The Simpsons taught us many things, but perhaps the most important is that animals are much funnier when they are acting like animals. Consider “Bart The Elephant.” Stampy is a jerk who destroys things, puts people in his mouth, and shows no signs of understanding or caring about the people who are feeding him. This is not the approach of Andre, directed by the Other George Miller. Andre the Seal may as well be Rocket Raccoon sans speech. He knowingly makes fart noises at mean people, watches TV religiously, and as the filmmakers present him, he’s able to read and feel human emotions.
These aren’t necessarily criticisms. Plenty of films featuring animals have been made that don’t suck, even if they were more than generous in their anthropomorphic tendencies. (It may not count, but that basset hound in Triplets of Belleville is my personal favorite movie dog.) And the moments of the film when the characters, young Toni included, recognize that Andre isn’t a human are the strongest, getting at the joy and pain of becoming attached to an animal and then having to part ways. If that were the primary focus of Andre it would probably have a legitimate shot at classic status.
But that’s the problem – there is a lot of stuff that works here, but none of it gets enough attention to feel deliberate. Aside from the focus on pet-owner psychology, there is 1) a coming of age story that never works because the three years of movie time feel like a month, 2) a family drama that is focused on a good father (which is already rare enough) trying to do what’s best for his family even when they don’t like it, and 3) a portrait of the dynamic in a small, tight-knit fishing community (this is the least interesting of the three). If Miller and Co had bothered to decide which of those movies they wanted to make, they might have had something, but instead they go for a generic story with too many climaxes and too many endings, such that none of them has the effect they should. A little more verve and he could get away with such a lumpy script, but this Miller was always the hired hand of the Two Millers.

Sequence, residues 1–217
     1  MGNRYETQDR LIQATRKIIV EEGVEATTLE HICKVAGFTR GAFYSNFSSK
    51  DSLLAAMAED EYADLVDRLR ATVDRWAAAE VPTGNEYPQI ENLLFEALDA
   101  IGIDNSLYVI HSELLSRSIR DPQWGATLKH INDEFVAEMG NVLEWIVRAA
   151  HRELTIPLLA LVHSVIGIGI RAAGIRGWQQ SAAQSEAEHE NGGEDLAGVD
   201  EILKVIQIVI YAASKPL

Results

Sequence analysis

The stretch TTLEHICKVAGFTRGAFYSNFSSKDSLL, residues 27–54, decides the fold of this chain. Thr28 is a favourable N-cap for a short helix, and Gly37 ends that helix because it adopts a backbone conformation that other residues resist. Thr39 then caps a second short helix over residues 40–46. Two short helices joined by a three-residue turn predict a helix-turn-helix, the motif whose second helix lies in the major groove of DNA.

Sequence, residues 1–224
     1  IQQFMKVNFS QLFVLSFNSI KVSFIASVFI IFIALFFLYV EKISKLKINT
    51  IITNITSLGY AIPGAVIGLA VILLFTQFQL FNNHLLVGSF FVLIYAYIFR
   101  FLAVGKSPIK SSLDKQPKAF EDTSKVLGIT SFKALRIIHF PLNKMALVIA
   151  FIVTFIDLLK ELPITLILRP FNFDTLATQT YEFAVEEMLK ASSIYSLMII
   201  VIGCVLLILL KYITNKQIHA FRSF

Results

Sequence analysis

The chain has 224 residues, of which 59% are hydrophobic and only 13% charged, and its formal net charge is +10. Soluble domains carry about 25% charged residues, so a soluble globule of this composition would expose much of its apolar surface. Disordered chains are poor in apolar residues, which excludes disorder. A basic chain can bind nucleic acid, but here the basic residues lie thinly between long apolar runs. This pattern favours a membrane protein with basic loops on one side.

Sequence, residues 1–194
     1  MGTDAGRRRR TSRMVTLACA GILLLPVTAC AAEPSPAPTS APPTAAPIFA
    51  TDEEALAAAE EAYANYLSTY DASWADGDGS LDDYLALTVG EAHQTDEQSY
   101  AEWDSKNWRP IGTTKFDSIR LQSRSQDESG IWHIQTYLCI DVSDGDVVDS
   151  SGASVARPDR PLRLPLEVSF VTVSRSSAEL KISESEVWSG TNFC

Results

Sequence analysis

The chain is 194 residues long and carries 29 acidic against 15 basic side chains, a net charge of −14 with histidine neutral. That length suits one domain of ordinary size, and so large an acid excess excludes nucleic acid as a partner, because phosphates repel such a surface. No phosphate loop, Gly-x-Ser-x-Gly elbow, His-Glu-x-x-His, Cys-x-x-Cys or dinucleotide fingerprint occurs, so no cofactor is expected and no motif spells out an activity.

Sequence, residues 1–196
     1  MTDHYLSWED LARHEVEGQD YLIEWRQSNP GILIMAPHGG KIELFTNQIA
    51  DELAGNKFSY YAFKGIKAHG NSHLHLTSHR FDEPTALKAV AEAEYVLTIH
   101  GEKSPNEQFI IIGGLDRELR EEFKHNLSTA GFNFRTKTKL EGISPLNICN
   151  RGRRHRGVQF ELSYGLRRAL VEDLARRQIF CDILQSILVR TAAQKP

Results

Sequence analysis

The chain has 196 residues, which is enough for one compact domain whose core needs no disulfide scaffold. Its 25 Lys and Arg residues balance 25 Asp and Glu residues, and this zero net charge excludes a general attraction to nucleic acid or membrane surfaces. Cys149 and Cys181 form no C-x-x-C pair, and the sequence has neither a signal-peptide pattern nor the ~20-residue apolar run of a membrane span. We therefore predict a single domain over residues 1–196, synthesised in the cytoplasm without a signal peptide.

Ideally, an animal movie should be less about the animal and more about the people. Like Au Hasard Balhazar or even Warhorse, the animal isn’t a character so much as a lens to see the characters more clearly. At the end of Andre, I feel like I don’t any more about the Whitneys or the Bakers than I knew from the first few minutes, and Andre hadn’t even showed up yet. By the end of the movie, the only thing different is that everyone gets along a little better (sometimes inexplicably so) and everyone really loves Andre.
This was one of those formative movies that I watched way too many times as a kid, simply because my grandmother owned it. I had no idea who Keith Carradine was or what it meant when Harry tells his wife that he saw her Sears catalogue “in the bathroom.” And even as an adult I still find myself moved by several scenes, such as when Paula tells her mom that she hates her dad, or the very manipulative scene where Andre is taken to the aquarium. What can I say, I’m an easy target for tear jerkers. If anything, the greatest crime of Andre is not being a better movie. It is an interesting, not boring look at an era when they still made “family movies,” and that makes it worth quite a bit in an era when that genre is dominated by faith-based films. Andre is honest in that regard – it’s about a family becoming closer (kind of) and it’s actually a film that all ages will find something to enjoy, or at least be amused by.